I’ve found myself thinking a lot this week about my responses, inspired by the Israelites in Exodus, those with Moses and Aaron. The truth is, I would fit in among them perfectly.
They are first a people enslaved, crying out to their God for help. Honestly, I get that from a spiritual perspective. I do the things I don’t want to do – say the unkind word to my husband out of selfishness, treat my son with impatience. I don’t do the things I do want to do – pray with my son in the morning and spend time lifting up his needs to the Lord, give my husband my undivided attention in the evening to show him my love.
There are things in my life I have had to truly wrestle with, stand against, fight to break free from. And in the midst of those battles, there have been those times I have cried out to the Lord for help.
The Israelites are next a people rescued. They are freed from their slavery and in the process, they witness God’s tremendous might and power. Next time you read Exodus 7 – 14, pause frequently and close your eyes and try to picture yourself there. The sights, the sounds, the smells. I’ve never been in a crowd of panic’d people, and I’ve never faced what I would consider a widespread devastating disaster. So in a lot of ways, my imagination is the only thing I can use to try and really absorb what’s happening here. God’s power revealed to the Israelities at this point is terrifying, overwhelming. I can’t come up with a word to portray just how mighty this would have been.
In their defense, the first thing we see them do in Chapter 15 is respond with a song of deliverance. I can relate to this too. There have been times in my life I have sang and danced praises to God, my heart and soul overwhelmed by His intervention in my life. Times I’ve been brought to tears and to my knees because I am so thankful for what He has done to help me, to free me. His works in my life too are mighty, and the things He has accomplished in me are significant and powerful. I’ve never seen Him blow back the sea overnight so I could walk through on dry ground, yet I have seen Him do things that to my mind were impossible – so the power, the might, the greatness of God is still at work today.
And the Israelites and I, we are a people of complaint.
Then the people complained and turned against Moses. ‘What are we going to drink?’ they demanded. – Exodus 15:24
There, too, the whole community of Israel complained about Moses and Aaron. ‘If only the LORD had killed us back in Egypt,’ they moaned. ‘There we sat around pots filled with meat and ate all the bread we wanted. But now you have brought us into this wilderness to starve us all to death.’ – Exodus 16:2-3
So once more the people complained against Moses. ‘Give us water to drink!’ they demanded. – Exodus 17:2a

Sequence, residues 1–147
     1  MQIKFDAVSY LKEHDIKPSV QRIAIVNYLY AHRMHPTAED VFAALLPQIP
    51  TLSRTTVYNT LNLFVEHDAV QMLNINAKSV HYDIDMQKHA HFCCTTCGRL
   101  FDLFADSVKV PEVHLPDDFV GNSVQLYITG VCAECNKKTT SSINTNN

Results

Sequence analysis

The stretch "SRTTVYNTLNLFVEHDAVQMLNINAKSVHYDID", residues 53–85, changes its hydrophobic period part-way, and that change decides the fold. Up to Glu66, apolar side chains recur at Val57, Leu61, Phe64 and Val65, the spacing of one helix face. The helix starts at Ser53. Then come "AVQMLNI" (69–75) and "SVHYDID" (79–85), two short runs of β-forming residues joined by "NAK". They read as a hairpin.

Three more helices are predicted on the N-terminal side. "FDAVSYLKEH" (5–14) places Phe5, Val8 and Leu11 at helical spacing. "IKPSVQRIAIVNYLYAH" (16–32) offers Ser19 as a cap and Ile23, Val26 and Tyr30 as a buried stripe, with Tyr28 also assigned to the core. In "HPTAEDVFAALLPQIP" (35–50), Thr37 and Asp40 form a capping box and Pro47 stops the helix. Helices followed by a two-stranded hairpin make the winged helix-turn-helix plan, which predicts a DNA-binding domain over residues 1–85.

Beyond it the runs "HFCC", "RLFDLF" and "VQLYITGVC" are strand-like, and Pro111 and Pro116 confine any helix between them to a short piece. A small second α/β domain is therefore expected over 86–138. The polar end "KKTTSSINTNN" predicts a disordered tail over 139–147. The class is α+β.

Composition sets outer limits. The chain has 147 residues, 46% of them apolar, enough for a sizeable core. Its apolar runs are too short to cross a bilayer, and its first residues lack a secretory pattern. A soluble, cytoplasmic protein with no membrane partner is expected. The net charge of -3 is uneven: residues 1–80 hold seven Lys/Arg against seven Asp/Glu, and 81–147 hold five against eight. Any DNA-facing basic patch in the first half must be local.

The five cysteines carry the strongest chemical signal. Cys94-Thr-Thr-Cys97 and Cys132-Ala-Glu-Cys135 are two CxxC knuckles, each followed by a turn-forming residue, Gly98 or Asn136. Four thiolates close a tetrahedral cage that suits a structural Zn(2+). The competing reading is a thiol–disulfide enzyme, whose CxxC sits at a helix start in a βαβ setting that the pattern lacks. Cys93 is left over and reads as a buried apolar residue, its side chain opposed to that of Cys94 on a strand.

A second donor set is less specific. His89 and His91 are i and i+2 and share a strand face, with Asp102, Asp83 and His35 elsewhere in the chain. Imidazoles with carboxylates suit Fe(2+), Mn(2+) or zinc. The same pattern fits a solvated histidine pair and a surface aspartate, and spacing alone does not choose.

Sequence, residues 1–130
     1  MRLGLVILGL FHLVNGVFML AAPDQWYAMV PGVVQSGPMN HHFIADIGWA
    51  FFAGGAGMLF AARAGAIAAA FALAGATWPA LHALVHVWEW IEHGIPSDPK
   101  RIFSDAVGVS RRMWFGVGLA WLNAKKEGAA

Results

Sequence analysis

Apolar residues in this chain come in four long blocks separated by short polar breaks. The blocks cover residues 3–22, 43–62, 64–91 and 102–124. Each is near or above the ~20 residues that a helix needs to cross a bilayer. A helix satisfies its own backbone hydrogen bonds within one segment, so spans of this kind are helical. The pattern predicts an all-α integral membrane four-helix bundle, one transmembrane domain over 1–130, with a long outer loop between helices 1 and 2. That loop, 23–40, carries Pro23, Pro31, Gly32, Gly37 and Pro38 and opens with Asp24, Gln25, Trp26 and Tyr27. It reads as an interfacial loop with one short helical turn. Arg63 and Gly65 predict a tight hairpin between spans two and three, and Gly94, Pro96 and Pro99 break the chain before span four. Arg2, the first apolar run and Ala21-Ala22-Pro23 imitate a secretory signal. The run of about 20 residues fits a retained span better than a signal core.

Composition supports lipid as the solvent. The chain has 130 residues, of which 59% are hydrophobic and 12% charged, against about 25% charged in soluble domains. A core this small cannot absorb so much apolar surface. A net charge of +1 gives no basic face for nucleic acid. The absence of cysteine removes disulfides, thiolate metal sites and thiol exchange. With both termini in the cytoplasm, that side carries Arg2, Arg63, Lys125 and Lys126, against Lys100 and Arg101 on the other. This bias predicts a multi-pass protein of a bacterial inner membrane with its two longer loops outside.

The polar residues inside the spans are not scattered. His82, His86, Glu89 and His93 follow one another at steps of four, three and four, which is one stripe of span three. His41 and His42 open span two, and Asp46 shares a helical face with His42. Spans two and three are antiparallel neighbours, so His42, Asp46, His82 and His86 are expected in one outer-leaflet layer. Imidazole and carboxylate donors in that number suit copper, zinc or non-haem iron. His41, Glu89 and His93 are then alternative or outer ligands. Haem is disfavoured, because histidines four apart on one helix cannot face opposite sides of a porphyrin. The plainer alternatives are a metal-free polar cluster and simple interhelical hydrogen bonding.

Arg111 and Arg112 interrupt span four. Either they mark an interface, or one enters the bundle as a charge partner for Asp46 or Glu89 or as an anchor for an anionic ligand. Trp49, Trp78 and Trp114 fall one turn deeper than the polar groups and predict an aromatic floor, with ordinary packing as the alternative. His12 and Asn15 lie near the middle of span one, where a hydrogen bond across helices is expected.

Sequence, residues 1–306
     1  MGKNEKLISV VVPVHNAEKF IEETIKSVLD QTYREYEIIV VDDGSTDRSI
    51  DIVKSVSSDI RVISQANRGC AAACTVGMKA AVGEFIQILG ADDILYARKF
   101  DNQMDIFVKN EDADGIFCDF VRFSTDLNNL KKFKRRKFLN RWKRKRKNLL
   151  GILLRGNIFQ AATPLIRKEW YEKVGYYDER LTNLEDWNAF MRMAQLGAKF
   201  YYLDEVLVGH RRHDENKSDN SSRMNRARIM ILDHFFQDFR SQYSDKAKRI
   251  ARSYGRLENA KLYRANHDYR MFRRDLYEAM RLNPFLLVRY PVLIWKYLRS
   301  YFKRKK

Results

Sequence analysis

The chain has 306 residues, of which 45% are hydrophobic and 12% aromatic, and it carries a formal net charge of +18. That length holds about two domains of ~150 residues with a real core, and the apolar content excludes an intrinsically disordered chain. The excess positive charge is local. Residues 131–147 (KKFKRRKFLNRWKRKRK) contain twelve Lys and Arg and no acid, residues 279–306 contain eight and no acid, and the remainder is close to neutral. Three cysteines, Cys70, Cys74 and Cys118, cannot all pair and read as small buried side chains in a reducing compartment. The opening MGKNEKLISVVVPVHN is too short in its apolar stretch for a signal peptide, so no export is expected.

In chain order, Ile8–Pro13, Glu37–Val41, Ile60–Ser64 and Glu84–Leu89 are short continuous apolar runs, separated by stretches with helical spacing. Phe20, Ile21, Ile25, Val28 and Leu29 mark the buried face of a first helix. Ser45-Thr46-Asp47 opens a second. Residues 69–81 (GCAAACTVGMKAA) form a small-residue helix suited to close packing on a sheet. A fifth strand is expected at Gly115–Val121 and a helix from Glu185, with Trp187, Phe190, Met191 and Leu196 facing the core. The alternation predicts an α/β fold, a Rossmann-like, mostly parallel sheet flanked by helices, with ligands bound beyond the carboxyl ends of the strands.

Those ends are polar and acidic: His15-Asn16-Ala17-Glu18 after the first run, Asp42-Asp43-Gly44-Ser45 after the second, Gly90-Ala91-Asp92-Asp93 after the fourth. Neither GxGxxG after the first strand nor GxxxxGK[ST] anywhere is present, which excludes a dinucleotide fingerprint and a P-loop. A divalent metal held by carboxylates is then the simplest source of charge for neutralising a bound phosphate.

Responses. What I have found myself thinking about most this week is how the Israelites responded to their hardship, to their needs for food and water.
After witnessing God’s power, His might, His abilities on scales so grand that I can barely imagine it in my mind – their first response isn’t to go to God with their needs. Their first response is to complain.
I’ve done it. One day I have praised God for His goodness, His graciousness, His power, having witnessed Him at work – to turn around and complain the next day when the unexpected bill arrives in the mail. When the car breaks down. When a loved one falls ill. When temptation comes and rears it’s ugly head over a sin that I feel I’m just barely defeating.
It’s so easy to complain because complaining requires no faith. And complaining, once it gets going, can really go far. So far as to say words like “if only the Lord had killed us back in Egypt”. In other words, complaining can lead to a place where we take the miraculous work God has done in our lives, and say it would have been better had it never happened.
I don’t want to be a woman of complaint. I want to be a woman of faith. A woman whose first response when faced with a need, with a hardship, with an unexpected situation – is to go to the Lord in Prayer. To pause in my driveway and pray over the unexpected bill I just opened. To sit in the broken car and cry out to my God with my need. To fall to my knees and seek God for healing and help over the news of a loved one. To stand firm in prayer when faced with temptation.
I want my first response to be prayer so that my heart is consumed with seeking God and His power, and so that the seed of complaint has no room to be planted in my heart, no room to take root, no room to deny what God has accomplished, can accomplish, and will accomplish.
May the words of my mouth and the meditation of my heart be pleasing to You, O LORD, my rock and my redeemer. – Psalm 19:14
May my responses to the unexpected and hardships be opportunities to live in Faith and worship You, O LORD.